Under the Sea: Exotic New Landscapes
Off the coast of Oregon and under more
than a mile of water, lies one of Earth's active seams--a
place where two crustal plates come together in an amazing
display of tectonic energy.
The North American Plate is riding roughshod over the Juan
de Fuca Plate, pushing it down into the earth's interior, and
in the process, scraping up sea floor sediments like a bulldozer
and leaving them in piles.
"It looks like folds in a carpet," says Lincoln Pratson, geologist
at the University of Colorado and the National Oceanic and
Atmospheric Administration (NOAA). The computer-generated picture
of Oregon's seascape is one of several views of continental
margins that Pratson and his colleague William Haxby studied
while they both were at the Lamont-Doherty Earth Observatory.
Collection of the data used in creating these pictures began
in 1983 when President Ronald Reagan declared that the nation's
boundaries extended for 230 miles off any U.S. shore. The U.S.
Geological Survey performed the general mapping of this new
part of the country, while NOAA and scientists supported by
NSF used multi-beam, echo-sounding systems to get high resolution
Using several data sets, Pratson and Haxby evaluated the continental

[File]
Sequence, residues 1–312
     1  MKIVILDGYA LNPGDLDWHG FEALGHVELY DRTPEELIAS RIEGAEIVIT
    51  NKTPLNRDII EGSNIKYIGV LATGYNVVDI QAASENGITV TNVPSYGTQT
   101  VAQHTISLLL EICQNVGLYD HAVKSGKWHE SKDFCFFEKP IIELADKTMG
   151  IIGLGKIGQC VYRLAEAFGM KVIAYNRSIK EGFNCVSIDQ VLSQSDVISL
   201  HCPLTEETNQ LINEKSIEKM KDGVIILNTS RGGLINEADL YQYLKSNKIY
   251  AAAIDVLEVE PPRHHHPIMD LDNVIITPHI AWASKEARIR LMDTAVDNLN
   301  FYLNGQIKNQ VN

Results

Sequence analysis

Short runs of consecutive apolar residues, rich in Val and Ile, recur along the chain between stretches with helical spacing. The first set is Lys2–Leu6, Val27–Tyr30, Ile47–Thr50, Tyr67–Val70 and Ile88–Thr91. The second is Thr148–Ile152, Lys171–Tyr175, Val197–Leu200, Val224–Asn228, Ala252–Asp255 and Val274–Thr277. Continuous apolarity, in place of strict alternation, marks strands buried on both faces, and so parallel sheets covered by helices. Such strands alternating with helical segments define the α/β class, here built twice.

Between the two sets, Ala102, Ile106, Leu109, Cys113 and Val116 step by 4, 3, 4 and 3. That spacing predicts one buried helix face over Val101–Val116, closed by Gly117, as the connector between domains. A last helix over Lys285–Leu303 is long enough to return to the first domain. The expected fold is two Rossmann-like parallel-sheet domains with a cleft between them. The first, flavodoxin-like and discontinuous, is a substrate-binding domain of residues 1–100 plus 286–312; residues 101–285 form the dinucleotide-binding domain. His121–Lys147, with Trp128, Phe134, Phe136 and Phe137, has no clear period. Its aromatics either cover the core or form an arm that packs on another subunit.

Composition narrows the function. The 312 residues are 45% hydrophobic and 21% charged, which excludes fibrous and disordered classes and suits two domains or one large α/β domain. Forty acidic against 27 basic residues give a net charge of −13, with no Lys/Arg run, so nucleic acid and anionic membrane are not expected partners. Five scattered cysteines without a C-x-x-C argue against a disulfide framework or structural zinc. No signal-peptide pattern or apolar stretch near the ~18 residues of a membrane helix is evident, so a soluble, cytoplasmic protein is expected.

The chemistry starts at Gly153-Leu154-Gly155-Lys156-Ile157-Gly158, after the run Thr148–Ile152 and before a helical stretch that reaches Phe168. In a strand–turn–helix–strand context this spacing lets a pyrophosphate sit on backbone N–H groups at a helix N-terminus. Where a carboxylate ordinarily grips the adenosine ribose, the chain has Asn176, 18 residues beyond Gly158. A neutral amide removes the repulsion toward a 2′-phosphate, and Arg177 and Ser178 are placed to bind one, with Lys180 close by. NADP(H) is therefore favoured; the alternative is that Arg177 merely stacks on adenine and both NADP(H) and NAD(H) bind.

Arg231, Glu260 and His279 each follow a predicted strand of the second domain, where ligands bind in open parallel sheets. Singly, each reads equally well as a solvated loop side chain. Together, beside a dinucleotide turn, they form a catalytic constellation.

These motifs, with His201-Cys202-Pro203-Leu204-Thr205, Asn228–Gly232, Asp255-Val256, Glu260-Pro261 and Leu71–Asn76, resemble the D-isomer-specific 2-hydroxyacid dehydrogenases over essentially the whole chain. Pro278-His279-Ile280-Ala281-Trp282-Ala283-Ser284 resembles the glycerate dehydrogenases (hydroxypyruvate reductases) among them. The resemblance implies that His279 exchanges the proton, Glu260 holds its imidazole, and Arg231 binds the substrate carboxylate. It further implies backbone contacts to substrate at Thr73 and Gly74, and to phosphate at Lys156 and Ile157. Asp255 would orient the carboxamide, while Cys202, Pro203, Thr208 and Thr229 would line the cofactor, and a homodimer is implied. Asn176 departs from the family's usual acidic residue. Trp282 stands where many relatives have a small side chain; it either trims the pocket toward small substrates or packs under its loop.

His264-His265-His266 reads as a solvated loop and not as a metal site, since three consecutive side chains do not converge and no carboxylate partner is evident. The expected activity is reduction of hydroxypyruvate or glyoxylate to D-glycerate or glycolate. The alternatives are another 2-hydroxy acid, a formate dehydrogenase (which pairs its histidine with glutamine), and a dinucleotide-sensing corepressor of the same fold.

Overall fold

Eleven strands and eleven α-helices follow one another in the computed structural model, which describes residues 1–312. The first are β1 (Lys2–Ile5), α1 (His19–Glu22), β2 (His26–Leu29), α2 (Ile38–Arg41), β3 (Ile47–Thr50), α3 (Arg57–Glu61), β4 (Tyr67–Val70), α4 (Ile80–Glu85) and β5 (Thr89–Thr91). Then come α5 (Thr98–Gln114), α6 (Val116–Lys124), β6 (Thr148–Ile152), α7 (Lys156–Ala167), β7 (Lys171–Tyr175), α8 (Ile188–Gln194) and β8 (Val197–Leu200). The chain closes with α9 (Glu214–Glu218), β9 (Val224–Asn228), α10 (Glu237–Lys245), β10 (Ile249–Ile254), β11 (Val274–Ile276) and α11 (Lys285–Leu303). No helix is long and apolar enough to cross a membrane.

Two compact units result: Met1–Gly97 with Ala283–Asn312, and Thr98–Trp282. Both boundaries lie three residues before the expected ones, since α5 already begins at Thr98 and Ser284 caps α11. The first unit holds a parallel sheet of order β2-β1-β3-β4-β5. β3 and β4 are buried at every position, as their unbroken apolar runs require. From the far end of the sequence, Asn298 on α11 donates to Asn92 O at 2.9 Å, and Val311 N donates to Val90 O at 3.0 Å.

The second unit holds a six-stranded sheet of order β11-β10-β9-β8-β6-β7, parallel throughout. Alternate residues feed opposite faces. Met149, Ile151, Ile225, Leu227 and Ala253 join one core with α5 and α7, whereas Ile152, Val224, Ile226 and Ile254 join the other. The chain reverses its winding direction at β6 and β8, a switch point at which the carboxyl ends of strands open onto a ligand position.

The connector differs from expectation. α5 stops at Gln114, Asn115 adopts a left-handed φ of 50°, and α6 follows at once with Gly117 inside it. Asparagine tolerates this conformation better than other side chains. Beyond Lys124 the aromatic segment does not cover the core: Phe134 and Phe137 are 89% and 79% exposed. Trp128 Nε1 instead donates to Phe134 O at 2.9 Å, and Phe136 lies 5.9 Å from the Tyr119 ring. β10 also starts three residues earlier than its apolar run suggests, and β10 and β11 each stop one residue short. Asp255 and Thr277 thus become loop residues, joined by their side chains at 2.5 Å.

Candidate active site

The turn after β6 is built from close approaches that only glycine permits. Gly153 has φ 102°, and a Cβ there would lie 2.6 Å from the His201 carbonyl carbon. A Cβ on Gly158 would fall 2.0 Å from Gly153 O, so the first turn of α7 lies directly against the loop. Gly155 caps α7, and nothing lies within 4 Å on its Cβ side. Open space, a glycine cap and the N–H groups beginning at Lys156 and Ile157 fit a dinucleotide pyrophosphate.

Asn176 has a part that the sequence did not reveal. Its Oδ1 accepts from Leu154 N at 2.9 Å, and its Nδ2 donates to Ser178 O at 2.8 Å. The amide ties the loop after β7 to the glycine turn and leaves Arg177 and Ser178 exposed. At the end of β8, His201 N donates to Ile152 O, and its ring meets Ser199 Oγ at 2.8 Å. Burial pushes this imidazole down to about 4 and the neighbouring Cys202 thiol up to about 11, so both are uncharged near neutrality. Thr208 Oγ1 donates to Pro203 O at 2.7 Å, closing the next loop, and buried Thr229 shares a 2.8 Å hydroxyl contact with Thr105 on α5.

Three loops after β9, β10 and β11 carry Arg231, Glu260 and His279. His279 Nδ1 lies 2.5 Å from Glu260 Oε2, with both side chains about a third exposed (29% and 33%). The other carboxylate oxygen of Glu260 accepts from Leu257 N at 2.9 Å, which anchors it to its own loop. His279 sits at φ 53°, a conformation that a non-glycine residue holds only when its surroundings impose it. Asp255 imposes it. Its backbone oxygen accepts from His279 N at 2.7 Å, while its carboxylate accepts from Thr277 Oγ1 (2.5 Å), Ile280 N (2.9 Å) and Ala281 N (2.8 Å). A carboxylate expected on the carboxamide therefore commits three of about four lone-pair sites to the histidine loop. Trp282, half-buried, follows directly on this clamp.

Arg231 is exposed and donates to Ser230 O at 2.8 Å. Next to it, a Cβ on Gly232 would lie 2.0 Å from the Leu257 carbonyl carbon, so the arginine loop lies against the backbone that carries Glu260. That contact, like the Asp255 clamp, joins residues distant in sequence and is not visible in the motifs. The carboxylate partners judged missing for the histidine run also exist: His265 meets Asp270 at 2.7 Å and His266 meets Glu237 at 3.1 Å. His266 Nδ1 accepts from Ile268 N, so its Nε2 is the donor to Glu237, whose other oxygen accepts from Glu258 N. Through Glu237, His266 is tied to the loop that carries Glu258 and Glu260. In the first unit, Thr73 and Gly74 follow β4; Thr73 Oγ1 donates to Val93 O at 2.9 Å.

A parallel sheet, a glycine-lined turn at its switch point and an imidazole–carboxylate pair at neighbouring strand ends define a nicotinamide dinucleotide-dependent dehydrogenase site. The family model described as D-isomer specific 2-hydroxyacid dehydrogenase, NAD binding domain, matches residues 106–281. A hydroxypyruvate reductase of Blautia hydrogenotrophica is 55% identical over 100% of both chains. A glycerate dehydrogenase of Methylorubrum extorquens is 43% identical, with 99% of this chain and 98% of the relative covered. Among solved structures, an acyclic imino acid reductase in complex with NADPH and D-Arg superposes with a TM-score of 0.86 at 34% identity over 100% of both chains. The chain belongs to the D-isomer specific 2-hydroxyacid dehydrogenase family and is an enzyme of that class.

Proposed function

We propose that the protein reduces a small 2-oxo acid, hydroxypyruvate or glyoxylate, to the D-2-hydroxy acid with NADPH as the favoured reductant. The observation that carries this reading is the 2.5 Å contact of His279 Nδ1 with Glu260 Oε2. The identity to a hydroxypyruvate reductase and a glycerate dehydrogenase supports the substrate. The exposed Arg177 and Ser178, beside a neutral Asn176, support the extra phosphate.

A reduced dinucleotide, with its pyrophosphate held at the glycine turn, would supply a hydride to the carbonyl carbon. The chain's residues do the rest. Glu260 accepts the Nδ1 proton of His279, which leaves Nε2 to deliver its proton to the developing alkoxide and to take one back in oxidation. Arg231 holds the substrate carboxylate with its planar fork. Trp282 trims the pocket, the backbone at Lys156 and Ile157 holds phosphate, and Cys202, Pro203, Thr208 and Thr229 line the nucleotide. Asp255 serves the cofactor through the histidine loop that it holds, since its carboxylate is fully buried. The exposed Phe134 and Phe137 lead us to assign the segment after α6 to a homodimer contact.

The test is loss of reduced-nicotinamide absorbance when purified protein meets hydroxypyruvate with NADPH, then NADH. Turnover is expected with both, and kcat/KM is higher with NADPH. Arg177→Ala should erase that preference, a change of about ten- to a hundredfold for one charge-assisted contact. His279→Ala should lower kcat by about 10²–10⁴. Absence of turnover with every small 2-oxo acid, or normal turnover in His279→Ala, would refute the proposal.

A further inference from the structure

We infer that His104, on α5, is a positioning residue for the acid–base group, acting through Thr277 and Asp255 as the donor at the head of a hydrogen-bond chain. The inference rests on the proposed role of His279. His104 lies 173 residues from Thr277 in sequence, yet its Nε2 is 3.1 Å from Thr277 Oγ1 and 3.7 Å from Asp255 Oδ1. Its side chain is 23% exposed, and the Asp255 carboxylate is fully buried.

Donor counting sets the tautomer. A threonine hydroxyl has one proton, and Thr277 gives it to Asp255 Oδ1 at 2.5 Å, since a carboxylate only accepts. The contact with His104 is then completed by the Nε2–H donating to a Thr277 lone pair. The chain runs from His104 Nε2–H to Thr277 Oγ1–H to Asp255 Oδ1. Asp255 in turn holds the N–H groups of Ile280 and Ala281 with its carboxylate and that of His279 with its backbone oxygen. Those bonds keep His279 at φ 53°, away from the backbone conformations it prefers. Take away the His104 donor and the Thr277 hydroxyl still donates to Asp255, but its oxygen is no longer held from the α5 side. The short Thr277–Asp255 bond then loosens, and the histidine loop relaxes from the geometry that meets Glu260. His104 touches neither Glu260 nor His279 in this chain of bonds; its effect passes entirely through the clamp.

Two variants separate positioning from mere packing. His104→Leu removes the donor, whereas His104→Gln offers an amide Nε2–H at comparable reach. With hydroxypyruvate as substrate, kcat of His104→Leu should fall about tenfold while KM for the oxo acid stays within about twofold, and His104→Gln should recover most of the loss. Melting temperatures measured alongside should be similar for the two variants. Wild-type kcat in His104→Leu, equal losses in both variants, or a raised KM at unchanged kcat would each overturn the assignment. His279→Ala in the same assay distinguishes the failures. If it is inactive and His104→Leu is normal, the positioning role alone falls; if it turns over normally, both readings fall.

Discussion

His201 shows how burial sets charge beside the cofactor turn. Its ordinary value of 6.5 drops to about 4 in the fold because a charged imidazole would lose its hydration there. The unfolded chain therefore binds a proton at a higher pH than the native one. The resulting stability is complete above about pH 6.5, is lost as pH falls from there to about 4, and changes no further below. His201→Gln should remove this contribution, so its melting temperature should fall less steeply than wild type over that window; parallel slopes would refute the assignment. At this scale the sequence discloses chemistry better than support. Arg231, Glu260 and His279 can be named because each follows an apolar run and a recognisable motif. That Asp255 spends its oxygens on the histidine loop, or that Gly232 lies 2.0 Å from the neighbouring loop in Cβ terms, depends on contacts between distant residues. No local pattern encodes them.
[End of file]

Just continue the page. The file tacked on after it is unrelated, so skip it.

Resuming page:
margins at each of five survey sites. Not only do their results
describe the slope of the continental margin in more detail
than had ever been known, but their pictures show a nearby
world that's very different from the one above.
"The images show that the sea floor off the U.S. coast is
as remarkable and in some ways as alien as landscapes we've
seen on Mars or Venus," says Pratson.
With a starkness characteristic of the photography of Ansel
Adams, the pictures show the naked forces of geology. Tectonics,
sedimentation, and lithology (the structure and composition
of rocks) have all been stripped of trees, grasses, and other
appendages of land, revealing their raw power and unexpected
For example, the site off the western coast of Florida contrasts
sharply with its nearby state. Instead of Florida's uniform,
gentle slopes, the continental margin has sharp edges and mile-high
cliffs that drop to the abyss below.
Near Louisiana the dominant force is movement of buried salt.
The continental margin is a pockmarked, lunaresque sea floor
that started when the Gulf of Mexico was dry and filled with
evaporated sea salt. The salt was then covered by the mud from
the Mississippi, and, when the sea returned, the salt was squeezed
into strange shapes by the weight of the sediments.
Aside from their beauty, the images and the accompanying analysis
may provide new tools in the study of ocean floors. But more
immediately, Pratson suggests, the images will assist companies
considering gas or oil exploration and those laying transcontinental
The images created by the Lamont-Doherty team can be viewed
on the World Wide Web at http://www.ldeo.columbia.edu